India’s first solar ferry called ‘Aditya’ sailed on Kerala’s backwaters in November 2016. The 2.5 km Vaikom-Thavanakadavu section in Alapuzha district is ready for commercial operation. The 75-seater solar boat was constructed at a cost of Rs. 2 crore by Navalt, a joint venture of two French companies and a Kochi-based Indian company. The 20 metre-long and 7 metre-wide boat made of fiber glass can cruise at a maximum speed of 7.5 knots. The boat, powered by two 20 KW motors, cruises without any noise and minimal vibration compared to the normal diesel ferries.
“On a bright sunny day it can cruise for over six hours without the need for external charge. It has 78 rooftop solar panels. It has a 700 kg 50 kW lithium-ion battery to store energy for cloudy days or running at night. There is an option to charge the batteries from the grid as well,” said 38-year old IIT alumnus SandithThandassery, founder of NavAlt Solar and Electrical Boats Ltd. The solar boat can save up to Rs 1.60 lakh a year towards fuel prices when compared to diesel boats and has a life of 15 years. Navalt would provide training to 20 SWTD officials on boat operation and maintenance.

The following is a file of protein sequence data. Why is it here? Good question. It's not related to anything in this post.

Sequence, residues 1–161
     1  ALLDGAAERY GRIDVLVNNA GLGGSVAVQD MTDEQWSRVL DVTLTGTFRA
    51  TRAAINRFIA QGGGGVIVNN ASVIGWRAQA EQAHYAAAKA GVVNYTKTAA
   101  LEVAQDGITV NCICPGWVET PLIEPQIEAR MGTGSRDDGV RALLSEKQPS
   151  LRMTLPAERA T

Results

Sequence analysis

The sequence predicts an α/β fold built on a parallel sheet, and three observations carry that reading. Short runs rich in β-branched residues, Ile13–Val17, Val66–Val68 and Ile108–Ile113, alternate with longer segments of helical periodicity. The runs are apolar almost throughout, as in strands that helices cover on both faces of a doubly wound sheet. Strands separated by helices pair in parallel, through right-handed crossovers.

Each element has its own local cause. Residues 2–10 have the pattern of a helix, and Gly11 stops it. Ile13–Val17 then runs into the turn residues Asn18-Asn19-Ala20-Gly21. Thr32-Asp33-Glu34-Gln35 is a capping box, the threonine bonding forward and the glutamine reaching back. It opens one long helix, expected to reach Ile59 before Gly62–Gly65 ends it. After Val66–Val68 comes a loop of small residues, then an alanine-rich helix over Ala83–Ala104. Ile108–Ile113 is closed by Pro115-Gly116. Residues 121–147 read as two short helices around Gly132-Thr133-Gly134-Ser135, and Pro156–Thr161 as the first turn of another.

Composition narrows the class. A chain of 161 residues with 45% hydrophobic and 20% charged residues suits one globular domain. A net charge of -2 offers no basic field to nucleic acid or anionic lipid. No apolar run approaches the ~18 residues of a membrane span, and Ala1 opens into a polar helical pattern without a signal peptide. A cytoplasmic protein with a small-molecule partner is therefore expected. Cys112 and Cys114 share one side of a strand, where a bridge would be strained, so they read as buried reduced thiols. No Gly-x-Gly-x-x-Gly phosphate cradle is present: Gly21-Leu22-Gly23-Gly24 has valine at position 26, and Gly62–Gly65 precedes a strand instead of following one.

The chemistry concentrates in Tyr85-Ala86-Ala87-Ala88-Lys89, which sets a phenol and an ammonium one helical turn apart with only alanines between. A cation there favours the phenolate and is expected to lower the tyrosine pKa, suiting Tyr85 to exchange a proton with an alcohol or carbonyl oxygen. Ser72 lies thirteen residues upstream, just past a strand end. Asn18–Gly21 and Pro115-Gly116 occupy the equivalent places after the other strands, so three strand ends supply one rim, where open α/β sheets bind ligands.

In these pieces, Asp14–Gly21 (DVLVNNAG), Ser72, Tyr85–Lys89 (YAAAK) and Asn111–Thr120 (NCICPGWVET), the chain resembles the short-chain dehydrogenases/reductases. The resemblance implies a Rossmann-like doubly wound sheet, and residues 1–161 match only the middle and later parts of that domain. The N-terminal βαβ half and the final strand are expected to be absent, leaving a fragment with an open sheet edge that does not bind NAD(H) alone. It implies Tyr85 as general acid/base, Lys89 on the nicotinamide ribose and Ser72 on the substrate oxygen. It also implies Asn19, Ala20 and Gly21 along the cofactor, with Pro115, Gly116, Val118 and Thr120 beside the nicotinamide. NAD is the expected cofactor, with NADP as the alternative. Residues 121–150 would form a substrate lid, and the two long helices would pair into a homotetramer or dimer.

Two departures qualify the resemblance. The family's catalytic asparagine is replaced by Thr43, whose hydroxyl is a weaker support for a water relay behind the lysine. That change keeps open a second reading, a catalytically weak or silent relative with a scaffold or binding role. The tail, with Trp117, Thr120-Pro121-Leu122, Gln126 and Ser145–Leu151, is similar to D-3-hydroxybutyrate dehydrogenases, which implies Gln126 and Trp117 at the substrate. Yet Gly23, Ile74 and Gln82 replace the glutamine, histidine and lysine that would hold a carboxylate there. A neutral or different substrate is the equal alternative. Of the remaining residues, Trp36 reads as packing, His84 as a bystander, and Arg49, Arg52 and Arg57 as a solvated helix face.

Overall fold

Kerala Transport Minister A.K. Saseendran said the State Water Transport Department (SWTD) is planning to convert its diesel ferries to eco- friendly solar powered. “The government has already started efforts towards this. A memorandum has been submitted to the Centre to allot funds for building 50 solar boats. Further, 14 catamarans under construction will have the solar option too. A fund of Rs. 22 crore has already been allotted for this,” the minister said.
“The solar ferry boat can break even in three years. The other advantages are that there is no air, water and noise pollution,” Thandassery said.
The water transport departments from West Bengal and other states have evinced interest in the solar ferries. “We’ve even got inquiries from the Kochi Metro Rail Ltd which plans to deploy 78 boats as part of the ‘Water Metro’ project,” he said. A team of KMRL officials also inspected ‘Aditya’, docked at Bristol Yard in Aroor.